Trial team quits Roger Stone case in dispute over sentence
WASHINGTON — The four lawyers who prosecuted Roger Stone quit the case Tuesday after the Justice Department overruled them and said it would take the extraordinary step of lowering the amount of prison time it would seek for President Donald Trump’s longtime ally and confidant.
The departures raised immediate questions over whether Trump, who earlier in the day had blasted the original sentencing recommendation as “very horrible and unfair,” had at least indirectly exerted his will on a Justice Department that he often views as an arm of the White House.
The department said the decision to undo the sentencing recommendation was made Monday night — before Trump’s tweet — and prosecutors had not spoken to the White House about it. Even so, the departures of the entire trial team broke open a simmering dispute over the punishment of a Trump ally whose case has long captured the president’s attention. The episode was the latest to entangle the Justice Department, meant to operate free from White House sway in criminal investigations and prosecutions, in presidential politics.
Teacher unions: Children terrified by active shooter drills
HARTFORD, Conn. — The nation’s two largest teachers unions want schools to revise or eliminate active shooter drills, asserting Tuesday that they can harm students’ mental health and that there are better ways to prepare for the possibility of a school shooting.
The American Federation of Teachers and National Education Association joined with the advocacy group Everytown for Gun Safety Support Fund in calling for an end to unannounced drills or drills that simulate gun violence.
“Everywhere I travel, I hear from parents and educators about active shooter drills terrifying students, leaving them unable to concentrate in the classroom and unable to sleep at night,” said Lily Eskelsen Garcia, president of the National Education Association. “So traumatizing students as we work to keep students safe from gun violence is not the answer.”
From wire sources
That is why if schools are going to do drills, they need to take steps to ensure the drills do more good than harm.”
Yang, who created buzz with freedom dividend, ends 2020 bid
Democrat Andrew Yang, an entrepreneur who created buzz for his presidential campaign by talking about his love of math and championing a universal basic income that would give every American adult $1,000 per month, suspended his 2020 bid on Tuesday.
“I am the math guy, and it is clear to me from the numbers that we are not going to win this race,” Yang said in front of a crowd of supporters as votes in New Hampshire’s first-in-the-nation primary were being counted.
“This is not an easy decision, or something I made lightly with the team. Endings are hard and I’ve always had the intention to stay in the race until the very end,” he added. ” But I have been persuaded that the message of this campaign will not be strengthened by my staying in the race any longer.”
The 45-year-old was one of the breakout stars of the Democratic primary race, building a following that started largely online but expanded to give him enough donors and polling numbers to qualify for the first six debates. Yang announced his departure from the race shortly before Colorado Sen. Michael Bennet did Tuesday night, bringing the Democratic field to single digits.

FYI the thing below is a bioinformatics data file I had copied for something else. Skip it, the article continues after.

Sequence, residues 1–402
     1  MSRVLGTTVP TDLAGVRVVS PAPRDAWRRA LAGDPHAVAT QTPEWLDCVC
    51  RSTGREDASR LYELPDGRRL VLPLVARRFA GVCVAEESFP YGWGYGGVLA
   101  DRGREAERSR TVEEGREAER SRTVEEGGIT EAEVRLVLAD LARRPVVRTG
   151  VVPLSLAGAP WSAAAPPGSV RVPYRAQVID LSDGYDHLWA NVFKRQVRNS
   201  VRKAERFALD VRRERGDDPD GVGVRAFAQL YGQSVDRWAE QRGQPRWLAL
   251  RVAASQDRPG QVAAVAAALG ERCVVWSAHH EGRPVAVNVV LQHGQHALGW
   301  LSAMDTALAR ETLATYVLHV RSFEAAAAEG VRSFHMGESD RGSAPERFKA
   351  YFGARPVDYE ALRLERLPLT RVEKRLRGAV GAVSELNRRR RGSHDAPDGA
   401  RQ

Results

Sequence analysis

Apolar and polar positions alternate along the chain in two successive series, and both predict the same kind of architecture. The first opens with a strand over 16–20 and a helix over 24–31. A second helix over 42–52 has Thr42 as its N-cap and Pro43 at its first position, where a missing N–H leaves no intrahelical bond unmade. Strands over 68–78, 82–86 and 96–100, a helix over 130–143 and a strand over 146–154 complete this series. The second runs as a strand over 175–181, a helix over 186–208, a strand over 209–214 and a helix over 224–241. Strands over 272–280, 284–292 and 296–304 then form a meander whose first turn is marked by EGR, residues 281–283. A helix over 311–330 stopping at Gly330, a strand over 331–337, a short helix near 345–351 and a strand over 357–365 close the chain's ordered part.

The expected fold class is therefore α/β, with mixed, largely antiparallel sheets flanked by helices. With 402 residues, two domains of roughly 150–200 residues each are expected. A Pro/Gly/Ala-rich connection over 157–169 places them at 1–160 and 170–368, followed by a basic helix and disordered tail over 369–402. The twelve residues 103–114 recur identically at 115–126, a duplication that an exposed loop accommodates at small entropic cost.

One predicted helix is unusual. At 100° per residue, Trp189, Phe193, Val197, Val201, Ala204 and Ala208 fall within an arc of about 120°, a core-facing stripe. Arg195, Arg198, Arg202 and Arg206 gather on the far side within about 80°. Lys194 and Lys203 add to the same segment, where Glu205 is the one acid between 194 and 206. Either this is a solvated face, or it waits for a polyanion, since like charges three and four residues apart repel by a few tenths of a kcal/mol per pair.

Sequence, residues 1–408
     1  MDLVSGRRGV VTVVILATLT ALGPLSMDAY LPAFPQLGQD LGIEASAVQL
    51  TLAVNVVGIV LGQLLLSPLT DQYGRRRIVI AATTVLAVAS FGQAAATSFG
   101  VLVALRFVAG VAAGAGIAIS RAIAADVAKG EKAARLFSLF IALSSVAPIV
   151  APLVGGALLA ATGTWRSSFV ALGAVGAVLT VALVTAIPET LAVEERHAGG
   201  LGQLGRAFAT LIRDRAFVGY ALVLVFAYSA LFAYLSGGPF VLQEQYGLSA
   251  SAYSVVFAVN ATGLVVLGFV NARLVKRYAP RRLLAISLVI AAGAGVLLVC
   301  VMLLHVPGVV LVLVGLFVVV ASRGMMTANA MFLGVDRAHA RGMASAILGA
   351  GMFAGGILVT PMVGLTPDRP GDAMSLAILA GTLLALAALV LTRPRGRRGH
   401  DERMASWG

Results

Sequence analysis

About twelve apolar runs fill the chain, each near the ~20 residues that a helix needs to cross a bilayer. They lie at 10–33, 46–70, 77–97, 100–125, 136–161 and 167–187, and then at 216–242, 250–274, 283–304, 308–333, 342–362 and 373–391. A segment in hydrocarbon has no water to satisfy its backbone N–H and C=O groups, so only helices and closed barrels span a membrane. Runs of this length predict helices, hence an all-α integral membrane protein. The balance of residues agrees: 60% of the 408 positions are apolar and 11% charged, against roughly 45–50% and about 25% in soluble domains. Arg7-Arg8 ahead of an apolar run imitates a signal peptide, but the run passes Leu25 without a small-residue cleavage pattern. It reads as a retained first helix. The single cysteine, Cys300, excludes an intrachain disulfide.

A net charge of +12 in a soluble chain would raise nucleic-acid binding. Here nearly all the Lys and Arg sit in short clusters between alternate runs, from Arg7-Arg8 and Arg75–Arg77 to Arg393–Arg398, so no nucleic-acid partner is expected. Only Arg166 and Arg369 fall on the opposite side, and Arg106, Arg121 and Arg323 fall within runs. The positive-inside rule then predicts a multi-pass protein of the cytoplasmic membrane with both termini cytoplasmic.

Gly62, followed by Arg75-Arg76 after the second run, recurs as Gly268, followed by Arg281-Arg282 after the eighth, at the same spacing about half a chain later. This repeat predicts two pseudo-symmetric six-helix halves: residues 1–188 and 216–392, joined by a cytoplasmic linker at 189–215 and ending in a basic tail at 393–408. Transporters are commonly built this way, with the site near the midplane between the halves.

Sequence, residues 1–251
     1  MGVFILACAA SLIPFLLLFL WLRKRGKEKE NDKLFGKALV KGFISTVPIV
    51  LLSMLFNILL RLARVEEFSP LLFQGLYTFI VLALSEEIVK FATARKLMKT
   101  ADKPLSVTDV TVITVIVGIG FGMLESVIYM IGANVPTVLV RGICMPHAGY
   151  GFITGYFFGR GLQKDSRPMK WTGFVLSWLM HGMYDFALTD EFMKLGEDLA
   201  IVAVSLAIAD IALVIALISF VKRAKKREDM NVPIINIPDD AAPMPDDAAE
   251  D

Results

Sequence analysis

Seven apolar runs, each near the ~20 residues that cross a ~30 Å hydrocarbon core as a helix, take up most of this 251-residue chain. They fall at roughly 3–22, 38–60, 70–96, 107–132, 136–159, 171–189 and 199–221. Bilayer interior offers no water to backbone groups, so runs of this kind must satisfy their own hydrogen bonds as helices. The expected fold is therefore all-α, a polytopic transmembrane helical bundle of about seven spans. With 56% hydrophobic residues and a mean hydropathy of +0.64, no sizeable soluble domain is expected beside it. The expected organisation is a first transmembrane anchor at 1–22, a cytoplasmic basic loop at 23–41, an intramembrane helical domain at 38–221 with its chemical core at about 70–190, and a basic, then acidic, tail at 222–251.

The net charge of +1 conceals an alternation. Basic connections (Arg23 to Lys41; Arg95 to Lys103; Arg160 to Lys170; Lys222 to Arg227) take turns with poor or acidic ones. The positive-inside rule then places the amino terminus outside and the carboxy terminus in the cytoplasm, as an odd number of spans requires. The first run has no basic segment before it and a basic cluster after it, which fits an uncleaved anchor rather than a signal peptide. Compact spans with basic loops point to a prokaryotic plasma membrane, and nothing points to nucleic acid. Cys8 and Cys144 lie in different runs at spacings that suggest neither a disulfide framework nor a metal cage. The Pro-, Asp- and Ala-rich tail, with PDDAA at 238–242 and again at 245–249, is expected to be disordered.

He outlasted senators and governors, and after initially self-funding his campaign, he raised more money than most of his rivals, bringing in over $16 million in the final quarter of last year. It was a bigger haul than all but the top four candidates: Vermont Sen. Bernie Sanders, former South Bend, Indiana, Mayor Pete Buttigieg, former Vice President Joe Biden and Massachusetts Sen. Elizabeth Warren.
AP VoteCast: After Iowa, many NH Dems worry about fairness
WASHINGTON — Only 14% of New Hampshire Democrats said they were “very confident” that the process for picking a presidential nominee would be fair, a sign of possible doubts lingering in voters’ minds at the state’s Tuesday primary.
The trouble tabulating results in last week’s Iowa caucuses, an issue that has yet to be fully resolved, may have rattled the faith of some voters amid uncertainty about who is the Democratic front-runner. The skepticism was clearest among Bernie Sanders’ backers, with about 6 in 10 saying they had little or no confidence in the Democratic primary process. Majorities of voters for every other top Democratic contender described the primary process as fair.
The results from AP VoteCast suggest that Sanders’ younger and generally more liberal supporters distrust their fellow Democrats, a potential reflection of the Vermont senator losing the 2016 nomination to Hillary Clinton. These suspicions could set up a bruising round of election contests in the weeks ahead as Democratic voters choose whether it is better to lean into an overtly liberal contender or embrace a more moderate challenger to President Donald Trump in November.
AP VoteCast is a wide-ranging survey of more than 3,000 Democratic primary voters in New Hampshire conducted for The Associated Press by NORC at the University of Chicago.